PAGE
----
Breakthroughs in the Quantum Realm: Understanding Quantum Computing
Early last week, a group of physicists from Purdue University in Indiana and the University of New South Wales in Australia managed to construct a transistor (the bare bones of any working computational device, a transistor is simply a voltage-controlled on/off switch for electrical devices) consisting of an atom of phosphorus placed inside a crystal of silicon.
Following on the heels of this breakthrough, yesterday a group of IBM scientists released news of even more breakthroughs that will put us “on the cusp of building systems that will take computing to a whole new level.” The two most glaring challenges they seem to have met, were finding a way to reduce the inevitable errors that crop up in quantum computation, which degrades further computational results, and ensuring the quantum mechanical properties of so-called 'qubits', which are the quantum-informational analog to the familiar bit. A successful quantum computer will enable calculations far in excess of what is even possible with the biggest, most powerful normal computer; for a better understanding of just how powerful, a short history of processing power is in order.
The first supercomputer ever built, the ENIAC was reported to take much of the floor space of the United States Military’s Ballistic Research Laboratory, and weighed as much as a tank. A magnificent breakthrough in computational power in post-war 1945, the ENIAC was capable of 5000 calculations per second at peak performance. Today, it is easily overshadowed by your modern desktop, which can perform about 3 billion operations per second. This incredible increase took half-a-century to reach; as we move steadily into this new century, quantum computing appears poised to supersede the abilities of today’s computers by a similar factor.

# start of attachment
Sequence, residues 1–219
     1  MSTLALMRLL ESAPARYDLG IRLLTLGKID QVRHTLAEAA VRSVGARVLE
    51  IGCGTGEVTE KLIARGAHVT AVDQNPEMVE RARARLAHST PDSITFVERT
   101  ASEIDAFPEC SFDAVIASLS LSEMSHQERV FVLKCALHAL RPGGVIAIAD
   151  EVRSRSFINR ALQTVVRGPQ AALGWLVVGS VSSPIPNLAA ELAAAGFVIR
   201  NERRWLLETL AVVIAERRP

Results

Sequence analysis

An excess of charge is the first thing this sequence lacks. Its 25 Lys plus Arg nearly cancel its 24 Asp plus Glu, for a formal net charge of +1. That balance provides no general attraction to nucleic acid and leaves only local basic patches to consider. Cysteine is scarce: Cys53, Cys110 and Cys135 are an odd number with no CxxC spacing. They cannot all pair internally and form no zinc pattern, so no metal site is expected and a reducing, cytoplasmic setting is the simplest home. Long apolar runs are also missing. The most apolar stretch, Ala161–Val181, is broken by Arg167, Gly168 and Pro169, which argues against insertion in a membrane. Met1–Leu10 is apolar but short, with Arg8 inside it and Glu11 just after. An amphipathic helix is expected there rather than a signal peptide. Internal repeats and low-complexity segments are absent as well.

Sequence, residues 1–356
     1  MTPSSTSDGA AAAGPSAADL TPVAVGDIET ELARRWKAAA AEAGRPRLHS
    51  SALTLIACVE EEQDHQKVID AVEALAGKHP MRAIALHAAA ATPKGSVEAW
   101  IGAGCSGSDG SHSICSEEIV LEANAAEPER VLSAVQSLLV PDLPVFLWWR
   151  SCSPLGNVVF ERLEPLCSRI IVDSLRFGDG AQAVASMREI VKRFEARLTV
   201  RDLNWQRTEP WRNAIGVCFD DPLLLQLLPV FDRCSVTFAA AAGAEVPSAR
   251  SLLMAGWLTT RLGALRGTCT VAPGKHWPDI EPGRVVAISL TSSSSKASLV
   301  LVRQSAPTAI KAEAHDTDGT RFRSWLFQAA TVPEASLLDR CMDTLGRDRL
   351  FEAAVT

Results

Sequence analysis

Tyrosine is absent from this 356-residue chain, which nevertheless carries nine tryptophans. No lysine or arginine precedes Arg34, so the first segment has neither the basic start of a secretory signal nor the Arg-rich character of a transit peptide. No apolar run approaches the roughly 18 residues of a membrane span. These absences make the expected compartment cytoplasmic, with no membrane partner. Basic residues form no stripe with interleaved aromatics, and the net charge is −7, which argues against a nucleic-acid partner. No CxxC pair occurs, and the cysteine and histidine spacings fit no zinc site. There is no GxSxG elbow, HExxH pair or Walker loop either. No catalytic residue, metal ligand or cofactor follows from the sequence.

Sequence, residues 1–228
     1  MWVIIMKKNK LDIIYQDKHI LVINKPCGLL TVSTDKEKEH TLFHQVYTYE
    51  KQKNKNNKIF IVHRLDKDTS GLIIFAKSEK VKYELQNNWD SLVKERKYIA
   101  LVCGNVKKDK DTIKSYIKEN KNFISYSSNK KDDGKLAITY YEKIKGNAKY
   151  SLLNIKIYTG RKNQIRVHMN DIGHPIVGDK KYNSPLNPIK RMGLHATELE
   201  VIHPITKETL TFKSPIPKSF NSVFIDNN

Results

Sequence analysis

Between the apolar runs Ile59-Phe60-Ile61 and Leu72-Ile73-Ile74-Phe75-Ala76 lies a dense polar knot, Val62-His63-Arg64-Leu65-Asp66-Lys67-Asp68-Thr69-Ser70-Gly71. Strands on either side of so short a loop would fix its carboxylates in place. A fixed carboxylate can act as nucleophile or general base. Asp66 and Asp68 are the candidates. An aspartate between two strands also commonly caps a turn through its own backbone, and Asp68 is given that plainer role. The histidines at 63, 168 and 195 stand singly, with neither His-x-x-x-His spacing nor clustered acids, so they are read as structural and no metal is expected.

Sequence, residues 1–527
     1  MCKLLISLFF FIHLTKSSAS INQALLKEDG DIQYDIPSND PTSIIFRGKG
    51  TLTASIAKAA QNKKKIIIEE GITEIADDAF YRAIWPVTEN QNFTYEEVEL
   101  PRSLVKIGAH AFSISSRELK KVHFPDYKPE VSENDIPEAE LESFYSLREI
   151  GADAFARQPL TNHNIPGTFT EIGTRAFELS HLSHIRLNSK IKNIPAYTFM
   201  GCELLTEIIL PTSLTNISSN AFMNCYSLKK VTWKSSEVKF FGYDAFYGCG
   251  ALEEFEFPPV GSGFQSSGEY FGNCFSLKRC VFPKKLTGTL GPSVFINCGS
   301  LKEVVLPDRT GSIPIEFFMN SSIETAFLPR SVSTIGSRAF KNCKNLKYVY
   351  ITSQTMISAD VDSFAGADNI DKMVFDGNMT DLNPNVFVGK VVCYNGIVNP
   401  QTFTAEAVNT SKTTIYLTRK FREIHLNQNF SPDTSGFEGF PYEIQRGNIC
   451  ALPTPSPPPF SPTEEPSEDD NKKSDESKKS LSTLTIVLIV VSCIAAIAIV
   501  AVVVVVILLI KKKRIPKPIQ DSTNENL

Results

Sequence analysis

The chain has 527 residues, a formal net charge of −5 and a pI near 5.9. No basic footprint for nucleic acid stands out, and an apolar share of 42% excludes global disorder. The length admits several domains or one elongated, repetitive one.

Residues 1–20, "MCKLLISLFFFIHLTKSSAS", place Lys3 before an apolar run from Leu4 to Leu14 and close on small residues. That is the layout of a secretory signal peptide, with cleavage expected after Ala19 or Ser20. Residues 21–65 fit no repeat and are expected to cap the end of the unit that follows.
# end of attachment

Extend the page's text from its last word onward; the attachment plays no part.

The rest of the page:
Everyone has noticed that despite the monstrous increases in nearly every parameter that characterizes a computers performance; one parameter has consistently continued to decrease – computer size. In the transition from vacuum tubes to transistors, scientists and engineers have made the latter smaller and smaller despite higher and higher demands for processing power. Obviously, this can’t go on forever; the trend that processing power will double every two years up to a physical limit (atomic limit) is the observation of Moore’s Law. After this limit, we essentially go into the atomic realm, where few things are linear. The tablet pc is the most current consumer-relevant example of this rule, which was pretty much the driving force behind the mobile revolution.Continued on the next page